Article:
Level 4 brightness is only available for the “international” (non-German) model and the manual states “> 24 hours” burn time while the website says 25 hours. On the bench it lasted 24.25 hours. The following graph shows the bench tested burn times for each level along with a rough indication of the brightness.
Level 4 is quite dim compared to the other levels, but does it meet the Australian requirement for visibility from 200 metres? As a crude test, I set up the light at level 4 at night and walked 200 metres down the road. The light was clearly visible so I would expect it would be legal to use in that mode.
A feature of the Airstream is its heat management, which gives higher light output and longer life. At maximum brightness, an ambient temperature of 19 degrees, and with no airflow, the temperature at the heatsink stabilised at around 40 degrees after 50 minutes until about 145 minutes when the light dimmed to conserve power before switching off some 15 minutes later. With a domestic fan blowing air over the light to simulate the airflow when riding, the temperature stabilised at around 24 degrees after 15 minutes until it dimmed at around 140 minutes.
Now I’m no expert on these things but the results seem pretty good. I believe the critical temperature for these devices is around 85 degrees, beyond which the brightness and lifetime are degraded. Obviously, the temperature of the LED will be higher than at the heatsink, but a 5 degree temperature rise above ambient should be of no concern. Even with no airflow, the temperature rise was less than 23 degrees which would suggest that you would have to be stationary on a hot day with the light on full to even begin to have any worries and, seriously, who would be doing that?
A great feature of the Airstream is that it can be recharged whilst it is in use. By connecting it to the mains charger I could simulate running the light from an external source, like a dynamo or Powermonkey, and see how long it lasts at different brightness levels. Something more realistic, like a dynamo-USB adapter connected with the USB cable, would have been preferable, but the USB charger is an add-on and I’m a little puzzled why it isn’t included as standard. The charger is rated at 550mA output, which is above the USB standard of 500mA, so it charges the Airstream faster than a normal USB supply. Also, in real life, the dynamo only works to recharge when you are in motion so you can expect shorter running times.
Note: A trap to watch for when using the Airstream in this way. I found I had to first switch on the light then plug in the charger. Doing it the other way around led to the light not recharging.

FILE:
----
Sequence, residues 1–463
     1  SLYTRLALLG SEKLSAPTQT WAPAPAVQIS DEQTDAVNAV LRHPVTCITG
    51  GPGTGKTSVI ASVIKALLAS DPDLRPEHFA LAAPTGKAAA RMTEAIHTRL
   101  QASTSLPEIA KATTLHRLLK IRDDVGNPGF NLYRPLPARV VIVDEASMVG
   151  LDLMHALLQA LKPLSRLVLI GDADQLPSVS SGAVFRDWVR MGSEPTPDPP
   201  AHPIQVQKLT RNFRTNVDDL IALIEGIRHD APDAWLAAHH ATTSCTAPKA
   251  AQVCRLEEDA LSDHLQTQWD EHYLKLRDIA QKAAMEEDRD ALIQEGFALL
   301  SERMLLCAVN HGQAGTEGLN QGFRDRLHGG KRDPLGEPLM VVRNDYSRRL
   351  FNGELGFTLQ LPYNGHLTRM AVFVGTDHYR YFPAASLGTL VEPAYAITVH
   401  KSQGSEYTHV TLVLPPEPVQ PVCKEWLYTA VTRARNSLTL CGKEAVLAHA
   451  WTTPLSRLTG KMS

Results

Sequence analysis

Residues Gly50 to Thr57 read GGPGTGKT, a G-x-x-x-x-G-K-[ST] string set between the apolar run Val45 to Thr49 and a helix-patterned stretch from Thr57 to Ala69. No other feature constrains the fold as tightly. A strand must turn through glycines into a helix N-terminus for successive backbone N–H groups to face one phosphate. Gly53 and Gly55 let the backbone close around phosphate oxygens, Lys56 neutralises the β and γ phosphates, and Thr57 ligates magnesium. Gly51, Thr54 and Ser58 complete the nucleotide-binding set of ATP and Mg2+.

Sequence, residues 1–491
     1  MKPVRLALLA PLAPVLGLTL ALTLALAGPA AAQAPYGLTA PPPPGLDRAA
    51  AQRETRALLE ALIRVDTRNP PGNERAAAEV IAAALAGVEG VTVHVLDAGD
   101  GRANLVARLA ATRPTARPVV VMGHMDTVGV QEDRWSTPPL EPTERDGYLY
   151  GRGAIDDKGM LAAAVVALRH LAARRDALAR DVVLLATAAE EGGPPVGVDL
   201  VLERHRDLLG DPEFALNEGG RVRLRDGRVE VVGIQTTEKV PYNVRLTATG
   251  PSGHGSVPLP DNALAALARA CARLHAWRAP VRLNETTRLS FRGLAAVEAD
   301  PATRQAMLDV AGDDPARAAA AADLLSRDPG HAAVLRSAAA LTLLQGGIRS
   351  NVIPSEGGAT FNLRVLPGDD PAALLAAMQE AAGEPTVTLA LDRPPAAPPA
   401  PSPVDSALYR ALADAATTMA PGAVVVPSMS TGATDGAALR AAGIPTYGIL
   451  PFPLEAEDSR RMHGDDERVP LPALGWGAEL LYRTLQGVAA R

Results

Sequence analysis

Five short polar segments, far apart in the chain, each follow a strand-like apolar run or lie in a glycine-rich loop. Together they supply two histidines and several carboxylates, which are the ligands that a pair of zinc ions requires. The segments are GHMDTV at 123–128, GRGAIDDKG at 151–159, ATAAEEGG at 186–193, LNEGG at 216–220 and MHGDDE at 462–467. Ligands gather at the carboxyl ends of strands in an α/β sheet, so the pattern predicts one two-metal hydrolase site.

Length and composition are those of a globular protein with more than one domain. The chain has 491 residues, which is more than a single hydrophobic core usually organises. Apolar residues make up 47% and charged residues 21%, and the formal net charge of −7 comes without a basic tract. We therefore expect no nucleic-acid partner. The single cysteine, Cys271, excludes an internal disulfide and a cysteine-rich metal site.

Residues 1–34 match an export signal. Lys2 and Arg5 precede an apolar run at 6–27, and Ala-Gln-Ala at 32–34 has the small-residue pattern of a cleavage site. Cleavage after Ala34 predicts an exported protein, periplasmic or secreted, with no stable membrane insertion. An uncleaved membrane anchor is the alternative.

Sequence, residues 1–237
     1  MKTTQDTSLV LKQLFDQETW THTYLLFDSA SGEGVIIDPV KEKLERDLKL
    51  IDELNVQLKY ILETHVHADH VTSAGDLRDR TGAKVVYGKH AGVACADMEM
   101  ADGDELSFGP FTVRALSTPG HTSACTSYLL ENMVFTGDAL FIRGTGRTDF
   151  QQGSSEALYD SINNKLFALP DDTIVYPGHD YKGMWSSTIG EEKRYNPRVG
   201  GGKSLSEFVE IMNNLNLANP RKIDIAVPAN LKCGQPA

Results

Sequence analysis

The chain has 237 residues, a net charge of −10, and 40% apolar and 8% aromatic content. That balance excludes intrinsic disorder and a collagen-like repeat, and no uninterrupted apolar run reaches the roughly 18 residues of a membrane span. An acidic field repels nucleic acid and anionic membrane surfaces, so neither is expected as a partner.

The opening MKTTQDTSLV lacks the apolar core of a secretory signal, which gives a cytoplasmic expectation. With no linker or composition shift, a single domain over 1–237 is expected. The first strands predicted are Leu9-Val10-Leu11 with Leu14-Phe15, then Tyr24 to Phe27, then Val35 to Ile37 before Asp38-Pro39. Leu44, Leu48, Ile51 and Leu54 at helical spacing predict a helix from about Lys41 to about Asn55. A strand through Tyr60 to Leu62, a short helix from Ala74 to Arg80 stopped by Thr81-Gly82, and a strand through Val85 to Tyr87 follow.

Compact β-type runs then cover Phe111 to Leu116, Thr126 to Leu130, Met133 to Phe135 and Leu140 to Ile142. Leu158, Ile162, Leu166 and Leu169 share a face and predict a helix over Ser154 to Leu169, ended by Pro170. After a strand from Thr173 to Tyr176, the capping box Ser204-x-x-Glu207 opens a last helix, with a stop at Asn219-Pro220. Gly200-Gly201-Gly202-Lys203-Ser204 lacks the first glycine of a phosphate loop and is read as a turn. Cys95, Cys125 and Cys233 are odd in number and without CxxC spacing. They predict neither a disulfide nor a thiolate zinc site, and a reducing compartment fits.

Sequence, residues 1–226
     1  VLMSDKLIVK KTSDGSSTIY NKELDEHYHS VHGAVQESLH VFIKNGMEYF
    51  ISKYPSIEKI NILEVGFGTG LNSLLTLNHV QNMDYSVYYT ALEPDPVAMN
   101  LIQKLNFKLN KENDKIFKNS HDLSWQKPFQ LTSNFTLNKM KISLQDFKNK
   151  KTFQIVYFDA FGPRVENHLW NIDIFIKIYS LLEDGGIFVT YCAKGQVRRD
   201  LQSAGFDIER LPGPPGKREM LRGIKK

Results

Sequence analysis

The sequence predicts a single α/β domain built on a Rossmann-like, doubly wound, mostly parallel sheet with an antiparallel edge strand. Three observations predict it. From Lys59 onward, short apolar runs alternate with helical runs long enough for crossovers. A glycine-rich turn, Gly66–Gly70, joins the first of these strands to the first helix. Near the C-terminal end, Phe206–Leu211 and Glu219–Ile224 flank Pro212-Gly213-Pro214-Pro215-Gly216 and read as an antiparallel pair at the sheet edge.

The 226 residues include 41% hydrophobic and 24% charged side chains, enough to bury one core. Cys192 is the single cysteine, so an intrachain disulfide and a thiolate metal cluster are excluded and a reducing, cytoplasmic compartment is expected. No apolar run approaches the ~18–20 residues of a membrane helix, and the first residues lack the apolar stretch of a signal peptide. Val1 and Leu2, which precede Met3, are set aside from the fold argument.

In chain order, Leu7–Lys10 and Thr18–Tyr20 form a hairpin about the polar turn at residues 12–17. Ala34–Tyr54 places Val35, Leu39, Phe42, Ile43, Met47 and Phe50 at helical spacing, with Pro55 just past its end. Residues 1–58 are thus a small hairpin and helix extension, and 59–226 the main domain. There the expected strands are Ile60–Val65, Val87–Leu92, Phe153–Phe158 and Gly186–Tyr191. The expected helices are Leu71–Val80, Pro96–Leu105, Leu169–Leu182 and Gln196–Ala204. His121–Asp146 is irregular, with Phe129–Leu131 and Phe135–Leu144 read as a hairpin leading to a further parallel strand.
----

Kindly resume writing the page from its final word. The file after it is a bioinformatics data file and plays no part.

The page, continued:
At level 1 it lasted for nearly 6 hours before it switched off. My own calculations indicated 5 hours would be the limit and the difference is accounted for by the extra current from the charger. At level 2, my calculations predicted 11.7 hours but it ran for at 15 hours. Note that at the end of this time the light is fully discharged and needs 6 hours to recharge fully.
At levels 3 and 4 running from a dynamo the light should be able to be used “indefinitely” with minimal discharging. Of course that assumes you are moving fast enough to power the light from the dynamo.
The Airstream mounts onto handlebars using one of the two supplied O-rings. For my handlebars I did not need the shims but noted that they have a convenient lug that fits into a matching hole in the mounting bracket so they don’t fall out. This system makes for easy fitting and removal and adapts to fit different handlebar diameters. The bracket can also be rotated to allow mounting on the stem.
For comparison, I normally run a dynohub driven Busch & Müller (B&M) Lumotec IQ Cyo which is regarded as a bright light at 60 lux. The Supernova website says the Airstream produces 370 lumens. I personally don’t like lumens for rating and prefer lux as it is more accurate for measuring and comparing brightness as it takes into account factors such how focussed the light beam is versus how much of the road it lights up.
So how to compare lux versus lumens? My day job often requires me to come up with “reasonable” assumptions to estimate outcomes so, working off the back of an envelope, I estimated that the Airstream would produce 100 lux at level 1, 70 lux at level 2, 40 lux at level 3 and 10 lux at level 4, assuming equivalent beam shapes, among other things.